1250 Broadway, 27th Floor New York, NY 10001


One of the ways an owner may increase the rent of a regulated unit is by making substantial improvements, repairs, and/or providing additional services. With rent-stabilized units, for example, the Rent Stabilization Code provides, at section 2524.4(a)(1), as follows:

An owner is entitled to a rent increase where there has been a substantial increase...of dwelling space or an increase in the services, or installation of new equipment or improvements, or new furniture or furnishings, provided in or to the new tenants housing accommodation, on written tenant consent to the rent increase. In the case of vacant housing accommodations, tenant consent shall not be required.
The amount of the increase attributable to these "individual apartment improvements" (or IAIs) is limited to 1/40th of the total cost of these improvements and services, including installation but excluding finance charges.
Currently, a landlord is not required to secure the consent of either the New York State Division of Housing and Community Renewal (DHCR) or the incoming tenant (of a vacant unit) prior to implementing the desired modifications or improvements. Nor will any rent increase triggered by those changes be subject to the agency's or incoming tenant's approval. The calculations are submitted to the agency at face value and accepted as true. This latitude does not mean that a landlord may act with wild abandon. If the calculations are challenged within a four year window, the owner will be required to produce the underlying documentary support and could be subject to rent overcharge and treble-damage liability (three times the amount of the overcharge, if found to have acted intentionally or with reckless disregard of the governing methodology).
Not all modifications justify a rent hike. By way of example, ordinary repair and maintenance--like wallpaper removal, plastering, painting, redecorating, and the scraping and coating floors with polyurethane--will not qualify. However, a gut renovation or rehabilitation of a unit likely would. And, even when the improvement is not that extensive or extreme, such as when the increase is attributable to the installation of new appliances, fixtures, and/or flooring, increases based on such upgrades have met with agency approval.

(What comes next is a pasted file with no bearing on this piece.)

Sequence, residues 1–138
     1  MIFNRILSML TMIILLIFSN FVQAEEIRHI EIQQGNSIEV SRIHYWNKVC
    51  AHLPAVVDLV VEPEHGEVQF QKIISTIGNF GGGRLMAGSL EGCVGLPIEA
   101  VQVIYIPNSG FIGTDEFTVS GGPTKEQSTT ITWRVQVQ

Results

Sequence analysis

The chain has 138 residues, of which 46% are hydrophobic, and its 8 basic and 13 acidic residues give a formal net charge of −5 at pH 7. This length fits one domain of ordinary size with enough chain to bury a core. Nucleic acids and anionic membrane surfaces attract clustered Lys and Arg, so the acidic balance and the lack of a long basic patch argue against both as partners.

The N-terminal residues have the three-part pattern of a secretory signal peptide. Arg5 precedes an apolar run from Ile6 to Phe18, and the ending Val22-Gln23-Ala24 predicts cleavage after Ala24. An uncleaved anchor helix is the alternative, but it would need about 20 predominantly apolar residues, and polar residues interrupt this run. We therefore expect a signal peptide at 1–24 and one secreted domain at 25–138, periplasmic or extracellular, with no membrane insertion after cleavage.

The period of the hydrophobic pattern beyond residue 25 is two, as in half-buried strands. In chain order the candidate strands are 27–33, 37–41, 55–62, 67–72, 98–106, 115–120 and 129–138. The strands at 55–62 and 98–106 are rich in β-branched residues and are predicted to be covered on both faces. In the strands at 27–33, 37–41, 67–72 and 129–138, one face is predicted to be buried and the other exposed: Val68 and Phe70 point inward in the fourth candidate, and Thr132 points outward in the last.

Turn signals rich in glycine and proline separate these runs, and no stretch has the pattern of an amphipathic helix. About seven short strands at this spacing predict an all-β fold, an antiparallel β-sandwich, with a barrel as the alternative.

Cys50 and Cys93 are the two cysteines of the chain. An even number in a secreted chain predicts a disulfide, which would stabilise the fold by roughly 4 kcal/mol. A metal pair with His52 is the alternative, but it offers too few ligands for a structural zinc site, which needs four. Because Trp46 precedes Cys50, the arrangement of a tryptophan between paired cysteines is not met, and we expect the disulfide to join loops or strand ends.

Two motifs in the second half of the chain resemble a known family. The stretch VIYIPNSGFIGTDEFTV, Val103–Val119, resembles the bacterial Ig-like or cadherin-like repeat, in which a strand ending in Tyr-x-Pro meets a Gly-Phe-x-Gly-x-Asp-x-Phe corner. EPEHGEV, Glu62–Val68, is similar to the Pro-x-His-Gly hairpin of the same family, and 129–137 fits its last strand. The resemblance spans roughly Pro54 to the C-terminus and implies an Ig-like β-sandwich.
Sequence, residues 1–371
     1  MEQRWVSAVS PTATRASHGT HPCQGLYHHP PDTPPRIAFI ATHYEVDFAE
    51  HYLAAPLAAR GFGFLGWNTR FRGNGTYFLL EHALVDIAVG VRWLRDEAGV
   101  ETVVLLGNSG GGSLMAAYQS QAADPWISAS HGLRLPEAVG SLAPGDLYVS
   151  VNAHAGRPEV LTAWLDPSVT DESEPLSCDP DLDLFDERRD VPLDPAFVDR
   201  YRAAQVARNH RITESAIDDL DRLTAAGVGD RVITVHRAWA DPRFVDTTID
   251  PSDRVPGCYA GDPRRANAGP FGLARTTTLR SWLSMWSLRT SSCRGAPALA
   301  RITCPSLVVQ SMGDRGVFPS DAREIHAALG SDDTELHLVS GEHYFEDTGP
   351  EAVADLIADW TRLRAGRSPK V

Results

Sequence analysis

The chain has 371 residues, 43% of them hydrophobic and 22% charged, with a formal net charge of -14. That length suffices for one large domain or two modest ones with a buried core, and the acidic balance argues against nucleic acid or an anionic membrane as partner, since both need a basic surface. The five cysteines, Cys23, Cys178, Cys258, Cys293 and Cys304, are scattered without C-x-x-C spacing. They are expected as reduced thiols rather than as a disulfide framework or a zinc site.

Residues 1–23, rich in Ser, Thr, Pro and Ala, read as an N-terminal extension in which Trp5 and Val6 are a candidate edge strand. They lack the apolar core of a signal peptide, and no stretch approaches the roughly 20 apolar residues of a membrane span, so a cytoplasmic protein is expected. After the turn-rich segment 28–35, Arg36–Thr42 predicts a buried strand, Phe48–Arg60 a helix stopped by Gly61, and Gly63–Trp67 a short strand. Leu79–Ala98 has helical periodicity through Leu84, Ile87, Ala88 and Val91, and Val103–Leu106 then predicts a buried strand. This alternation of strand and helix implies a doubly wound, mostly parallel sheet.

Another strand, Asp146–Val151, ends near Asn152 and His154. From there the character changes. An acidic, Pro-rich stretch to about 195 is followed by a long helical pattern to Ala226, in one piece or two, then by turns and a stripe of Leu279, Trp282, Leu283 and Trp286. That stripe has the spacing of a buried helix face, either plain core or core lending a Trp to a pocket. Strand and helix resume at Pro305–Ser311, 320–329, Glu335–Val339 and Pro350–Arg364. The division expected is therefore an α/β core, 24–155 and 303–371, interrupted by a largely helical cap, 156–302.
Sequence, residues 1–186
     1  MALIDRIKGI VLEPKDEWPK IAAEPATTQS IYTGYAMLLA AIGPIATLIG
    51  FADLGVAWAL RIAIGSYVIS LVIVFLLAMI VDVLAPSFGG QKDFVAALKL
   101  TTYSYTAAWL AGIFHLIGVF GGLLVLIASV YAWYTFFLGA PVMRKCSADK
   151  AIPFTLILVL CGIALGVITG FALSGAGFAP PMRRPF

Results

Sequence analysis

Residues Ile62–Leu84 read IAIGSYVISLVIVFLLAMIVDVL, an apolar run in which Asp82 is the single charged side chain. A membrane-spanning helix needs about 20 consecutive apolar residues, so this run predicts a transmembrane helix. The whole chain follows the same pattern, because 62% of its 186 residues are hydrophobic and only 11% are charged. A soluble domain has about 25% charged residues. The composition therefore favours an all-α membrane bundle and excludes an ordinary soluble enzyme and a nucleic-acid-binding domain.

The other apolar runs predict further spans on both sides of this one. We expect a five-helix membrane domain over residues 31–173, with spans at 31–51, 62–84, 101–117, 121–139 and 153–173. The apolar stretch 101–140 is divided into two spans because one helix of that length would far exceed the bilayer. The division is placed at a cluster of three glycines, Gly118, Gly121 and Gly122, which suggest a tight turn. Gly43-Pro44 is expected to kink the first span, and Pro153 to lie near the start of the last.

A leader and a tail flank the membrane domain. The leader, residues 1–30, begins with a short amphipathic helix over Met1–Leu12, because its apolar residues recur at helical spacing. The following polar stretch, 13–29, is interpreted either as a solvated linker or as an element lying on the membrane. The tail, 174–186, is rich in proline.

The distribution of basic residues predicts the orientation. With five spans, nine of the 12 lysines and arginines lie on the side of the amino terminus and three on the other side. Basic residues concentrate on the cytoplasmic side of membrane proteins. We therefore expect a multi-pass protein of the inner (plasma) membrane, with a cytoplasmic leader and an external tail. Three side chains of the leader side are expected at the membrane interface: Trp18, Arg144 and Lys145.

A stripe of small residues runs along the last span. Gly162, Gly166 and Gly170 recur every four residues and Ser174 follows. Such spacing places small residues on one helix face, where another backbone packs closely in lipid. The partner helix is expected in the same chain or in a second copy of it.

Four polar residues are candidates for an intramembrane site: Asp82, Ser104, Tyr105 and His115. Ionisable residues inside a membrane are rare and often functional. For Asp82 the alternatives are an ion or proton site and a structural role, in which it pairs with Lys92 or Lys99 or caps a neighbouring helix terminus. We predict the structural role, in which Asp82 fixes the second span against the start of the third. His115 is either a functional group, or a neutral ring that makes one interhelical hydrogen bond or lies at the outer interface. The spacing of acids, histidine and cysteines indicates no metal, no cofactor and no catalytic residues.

When challenged or requested, an owner must be prepared to produce one or more of the following items: cancelled checks and/or receipts marked paid-in-full, contemporaneously dated or timed with the work's completion; signed contracts (detailing the work performed); and/or an affidavit from the contractor indicating the work performed, attesting to its completion and payment-in-full.
As was demonstrated by the outcome of a recent case, should the DHCR, or a court of competent jurisdiction, find that a landlord is unwilling or unable to substantiate its alleged costs, dire consequences will likely follow. In Graham Court Owners Corp. v Green, the Appellate Term, First Department, affirmed a housing court judge's finding of overcharge and treble-damage liability, noting as follows:
The trial court properly found that landlord failed to submit adequate documentation in support of its claimed improvements in accordance with DHCR Policy Statement 90-10. Nor did landlord produce any witness affiliated with the contractor or otherwise demonstrate the nature and scope of the work performed ... Furthermore, a number of items reflect normal maintenance and repair for which an increase is not authorized ... Finally, treble damages were properly imposed, since landlord failed to establish that its overcharge was not willful.

For a copy of the Appellate Term's decision in Graham Court Owners Corp. v. Green, please click on the following link:
For a copy of the DHCR's "Fact Sheet #12" - "Rent Adjustments for New Services, New Equipment or Improvements to an Apartment," please click on the following link:
For a copy of the DHCR's "Policy Statement 90-10" - "Major Capital Improvements/Individual Apartment Improvements Confirmation of Costs/Payments," please click on the following link: